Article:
by Dr. Daniel Malan
There is something surreal about being in Bali for the B20 Summit. Pristine beaches and sumptuous meals are on offer for discussions about conflict, climate change and corruption, all within the confines of what must be one of the most secure parts of the planet at the moment. The security, of course, is not for people like me, but rather for the heads of state and business leaders who are here for the G20 and B20 Summits.
The G20 members represent more than 80 percent of world GDP, 75 percent of international trade and 60 percent of the world population. The G20 members are Argentina, Australia, Brazil, Canada, China, France, Germany, India, Indonesia, Italy, Japan, Republic of Korea, Mexico, Russia, Saudi Arabia, South Africa, Turkey, the United Kingdom, the United States, and the European Union. It was established in 1999, initially to convene finance ministers and central bank governors, but has evolved into a yearly summit involving the heads of state of member countries. The Business Twenty (B20) is the official business voice that communicates with the G20. It was established in 2010 and formulates and presents policy recommendations on designated issues to the G20 on an annual basis. The B20 has a number of task forces, including the Integrity and Compliance Task Force.
I am here in my capacity as co-chair of the B20 Integrity and Compliance Task Force. Since January 2022, our task force, comprising more than 100 representatives from the business community, met regularly to formulate policy recommendations that have now been handed over to the G20. The core recommendations focus on sustainable governance to support ESG initiatives, collective action to alleviate integrity risks and measures to address risks associated with money laundering, terrorist financing and cybercrime.
It is beyond dispute that this is a meeting of the world’s elite (excluding a few people like me). The Elite Quality Index of St Gallen University describes elites as follows: “Elites are narrow, coordinated groups with business models that successfully accumulate wealth; they are an empirical inevitability and exist in every society on earth”. The Index makes an interesting distinction between high quality elites (those that are growing the pie) and low quality elites (those who are growing only their slice of the pie). Although both parts are present in Bali, thankfully those who want to grow the pie are in the majority. From an integrity perspective, it is somewhat ironic that the headline speakers at the B20 Summit include some of the world’s most controversial business leaders: Elon Musk and Jeff Bezos. Of course, they are drawcards as business celebrities, but both individuals – and their companies – are currently facing substantial ethical scrutiny. Musk mostly because of Twitter, and Bezos because of concerns about working conditions at Amazon. Bezos has also been sued by his former housekeeper, but that is a process that must be played out in the courts of law. However, their presence should also be seen in the context of what Ed Freeman has described as the need to move away from the saints or sinners dichotomy. There are very few companies without ethical blemishes – the way they deal with the issues are often more insightful than the issues themselves.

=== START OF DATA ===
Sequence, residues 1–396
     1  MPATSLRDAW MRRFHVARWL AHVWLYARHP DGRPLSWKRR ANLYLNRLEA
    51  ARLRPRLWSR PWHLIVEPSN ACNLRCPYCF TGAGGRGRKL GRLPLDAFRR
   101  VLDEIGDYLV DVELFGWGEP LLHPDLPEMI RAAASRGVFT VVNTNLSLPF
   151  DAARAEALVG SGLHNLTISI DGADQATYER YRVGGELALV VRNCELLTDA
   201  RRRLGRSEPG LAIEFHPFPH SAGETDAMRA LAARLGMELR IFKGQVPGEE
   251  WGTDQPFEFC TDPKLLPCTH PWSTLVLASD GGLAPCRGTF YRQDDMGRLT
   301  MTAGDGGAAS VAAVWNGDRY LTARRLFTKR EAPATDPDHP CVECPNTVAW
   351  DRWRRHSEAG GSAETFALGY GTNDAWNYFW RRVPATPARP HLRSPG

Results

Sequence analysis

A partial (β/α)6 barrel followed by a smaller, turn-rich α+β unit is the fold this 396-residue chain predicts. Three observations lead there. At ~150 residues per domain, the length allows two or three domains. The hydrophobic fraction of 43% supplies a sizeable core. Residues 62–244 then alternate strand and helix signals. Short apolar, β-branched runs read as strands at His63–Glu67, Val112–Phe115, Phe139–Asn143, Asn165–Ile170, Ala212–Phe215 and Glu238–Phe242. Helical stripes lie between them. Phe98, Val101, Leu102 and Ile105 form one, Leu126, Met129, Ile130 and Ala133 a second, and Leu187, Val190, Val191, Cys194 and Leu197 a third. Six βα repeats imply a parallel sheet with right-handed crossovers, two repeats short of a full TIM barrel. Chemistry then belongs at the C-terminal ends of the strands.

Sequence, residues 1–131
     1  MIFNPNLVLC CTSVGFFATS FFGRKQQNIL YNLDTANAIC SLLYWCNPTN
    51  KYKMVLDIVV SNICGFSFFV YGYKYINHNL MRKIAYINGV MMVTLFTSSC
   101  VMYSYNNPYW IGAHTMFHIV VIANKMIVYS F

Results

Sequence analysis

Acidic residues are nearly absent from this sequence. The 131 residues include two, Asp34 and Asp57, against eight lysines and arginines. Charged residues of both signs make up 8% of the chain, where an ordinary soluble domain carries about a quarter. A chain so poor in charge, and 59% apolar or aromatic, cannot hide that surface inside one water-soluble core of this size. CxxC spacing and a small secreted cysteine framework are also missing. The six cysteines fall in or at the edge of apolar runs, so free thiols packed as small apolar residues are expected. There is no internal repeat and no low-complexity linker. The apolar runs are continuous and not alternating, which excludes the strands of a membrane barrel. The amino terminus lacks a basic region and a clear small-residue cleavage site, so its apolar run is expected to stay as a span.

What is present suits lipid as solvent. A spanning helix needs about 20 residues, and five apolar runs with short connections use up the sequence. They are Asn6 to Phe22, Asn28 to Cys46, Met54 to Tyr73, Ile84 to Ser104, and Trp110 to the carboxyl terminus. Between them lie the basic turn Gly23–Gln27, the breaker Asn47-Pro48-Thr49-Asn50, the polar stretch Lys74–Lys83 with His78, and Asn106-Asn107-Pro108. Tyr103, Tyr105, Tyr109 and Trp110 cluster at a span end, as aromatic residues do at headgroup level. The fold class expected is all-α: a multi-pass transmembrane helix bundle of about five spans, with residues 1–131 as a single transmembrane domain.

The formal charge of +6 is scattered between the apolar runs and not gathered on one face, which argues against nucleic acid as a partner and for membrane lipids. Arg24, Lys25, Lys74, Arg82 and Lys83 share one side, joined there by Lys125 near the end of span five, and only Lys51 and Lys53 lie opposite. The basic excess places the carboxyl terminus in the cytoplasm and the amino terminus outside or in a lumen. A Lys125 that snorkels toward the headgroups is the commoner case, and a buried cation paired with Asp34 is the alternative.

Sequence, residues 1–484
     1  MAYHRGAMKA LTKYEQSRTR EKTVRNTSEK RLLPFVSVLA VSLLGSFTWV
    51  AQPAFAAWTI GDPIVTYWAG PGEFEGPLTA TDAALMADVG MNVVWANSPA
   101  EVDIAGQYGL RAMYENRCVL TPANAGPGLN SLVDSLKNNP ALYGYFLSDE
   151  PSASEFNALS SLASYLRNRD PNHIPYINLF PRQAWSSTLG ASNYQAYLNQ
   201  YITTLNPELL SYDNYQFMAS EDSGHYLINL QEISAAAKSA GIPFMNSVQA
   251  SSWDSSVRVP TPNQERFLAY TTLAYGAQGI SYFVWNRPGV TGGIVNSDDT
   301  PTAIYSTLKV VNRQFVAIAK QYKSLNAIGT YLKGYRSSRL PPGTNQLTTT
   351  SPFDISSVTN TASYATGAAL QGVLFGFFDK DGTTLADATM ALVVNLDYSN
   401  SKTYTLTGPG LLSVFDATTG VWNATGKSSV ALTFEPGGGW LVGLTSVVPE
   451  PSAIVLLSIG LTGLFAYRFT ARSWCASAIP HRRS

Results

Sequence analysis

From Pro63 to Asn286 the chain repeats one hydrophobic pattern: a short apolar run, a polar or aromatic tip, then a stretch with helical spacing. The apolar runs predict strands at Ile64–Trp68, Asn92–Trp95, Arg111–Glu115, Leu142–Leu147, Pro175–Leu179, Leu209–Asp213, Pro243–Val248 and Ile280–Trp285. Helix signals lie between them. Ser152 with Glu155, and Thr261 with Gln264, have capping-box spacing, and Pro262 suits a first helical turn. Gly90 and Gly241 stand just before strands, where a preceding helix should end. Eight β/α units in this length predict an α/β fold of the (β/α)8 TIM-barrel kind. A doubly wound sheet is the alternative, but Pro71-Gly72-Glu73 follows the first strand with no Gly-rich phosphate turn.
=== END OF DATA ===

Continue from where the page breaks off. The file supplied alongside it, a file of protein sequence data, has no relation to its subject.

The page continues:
When I was approached recently for comment on the Twitter transaction, I said it was like Schrodinger’s Cat – both good and bad at the same time. Good because Musk seems committed to fix security holes, remove fake accounts and improve transparency overall. But bad because he seems to have a very naive view of free speech. I am afraid it has not been a good start for him, particularly in the light of the increase, rather than decrease, in fake (blue tick) accounts.
But engagement at the level of global policy calls for pragmatism. The recommendations of our task force, together with those of many other task forces, have now been incorporated into the official G20 Communique. Even if only a small percentage of the G20 members adopt a small percentage of the recommendations, the impact will still be huge. For example, every disclosure about beneficial ownership brings more transparency, and every regulation in favour of more sustainable corporate behaviour makes a difference.
Together with a few of my co-chairs, we also argue that our recommendations could be viewed as a framework for voluntary corporate action. The business community does not have to sit back and wait for governments to implement policy. The recommendations are there because the business community wants change, and change can also be achieved through voluntary action. The role of collective action, and in particular public-private partnerships, will be critical.
The work of the B20 Task Force is very much in line with the Trinity Business School mission of transforming business for good, and through my involvement with the task force I am proud to have been able to make a small contribution in this regard.